Kentrox CSU Power Distribution

I have 12 Kentrox Tserv II - CSU's mounted in a 19" communications equipment rack. Each CSU has a separate 28VDC power supply. The design of the power supply is such that when plugged into an electrical outlet, it covers the next open socket as well.

I am looking for a 28VDC power supply that I could use to power some or all of the CSU's from a single unit with some type of terminal bus to attach the CSU's to.

Any help help in locating such a power supply would be greatly appreciated.

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I can't help with the power supply, but here's something that can help with the "covered outlet" problem with wallwart power adapters:

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The CSUs specs

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that will work on 20-56V DC @ 30-60mA (depending on voltage). We power ours (wall mounted Kentrox rather than in a rack) from the

-48VDC of the rectifier going to our NEAX 2400 IPX. The PBX has fused aux outputs on the supply bus. The power is routed to some 110 blocks on the backboard between the switch and field blocks where it distributes to the CSUs.

If it's not convienient to pull power from your rectifier/batteries, I'd suggest a stand-alone UPS and a power supply similar to this:

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At 48V/30mA, with 12 units you're looking at a draw of about 360mA, and with a 3A output, this supply will give you that and more. You can also look at MPJA's P#s 6630-PS (0.5A output) and 6631-PS (1Aoutput) by doing a search off their pages. Any of these three are less than 5" wide and 9" long, so they would fit on the back of a 3U blank panel (8131-LM natural aluminum or 8132-LM, black) with some minor fabrication on your part. You could use a Cinch barrier strip for distribution, or if you wanted individually fused outputs you could run a bus between some panel mount fuseholders and take the other side of the fuse to each of your KSUs. If you're the least bit handy and don't mind rolling your own, this could be an option to get rid of your wall-warts.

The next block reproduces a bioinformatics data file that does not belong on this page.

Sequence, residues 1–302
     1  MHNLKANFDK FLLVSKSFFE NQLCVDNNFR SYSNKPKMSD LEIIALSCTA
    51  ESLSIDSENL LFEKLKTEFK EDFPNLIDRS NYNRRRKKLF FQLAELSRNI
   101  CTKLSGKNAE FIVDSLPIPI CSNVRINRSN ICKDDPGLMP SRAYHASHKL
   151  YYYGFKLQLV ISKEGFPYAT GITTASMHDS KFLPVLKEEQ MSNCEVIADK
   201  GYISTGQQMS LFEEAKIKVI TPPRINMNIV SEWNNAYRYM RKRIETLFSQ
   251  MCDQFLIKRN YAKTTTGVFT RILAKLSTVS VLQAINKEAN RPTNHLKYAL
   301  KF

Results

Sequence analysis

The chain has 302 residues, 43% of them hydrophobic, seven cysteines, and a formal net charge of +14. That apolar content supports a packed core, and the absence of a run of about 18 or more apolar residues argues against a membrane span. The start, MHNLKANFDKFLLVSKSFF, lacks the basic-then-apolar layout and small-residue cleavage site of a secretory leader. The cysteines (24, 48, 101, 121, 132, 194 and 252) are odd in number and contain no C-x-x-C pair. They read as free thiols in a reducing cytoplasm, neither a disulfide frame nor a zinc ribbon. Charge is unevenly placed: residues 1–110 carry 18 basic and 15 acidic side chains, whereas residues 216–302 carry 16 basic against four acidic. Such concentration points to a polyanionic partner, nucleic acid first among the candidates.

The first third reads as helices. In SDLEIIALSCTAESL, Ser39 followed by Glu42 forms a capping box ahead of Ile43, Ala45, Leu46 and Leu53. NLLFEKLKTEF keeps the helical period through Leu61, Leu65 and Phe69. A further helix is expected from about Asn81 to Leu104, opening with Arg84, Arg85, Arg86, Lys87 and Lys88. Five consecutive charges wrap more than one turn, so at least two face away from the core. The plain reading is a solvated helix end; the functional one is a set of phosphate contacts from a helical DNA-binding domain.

We're using 24AWG cross connect wire from the 110 blocks to the terminal block on the wall-mounted CSUs, so wire gauge for what power they're going to draw shouldn't be much of a worry for you.

As fo something commercially built, I haven't researched it since the following is the way I've tackled a situation similar to yours previously.

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Roger Elmore

would using a short power extension lead help?

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take a look at the power supply section of the spec sheet:

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several choices of units capable of powering multiple csu's available from your neighborhood reseller...

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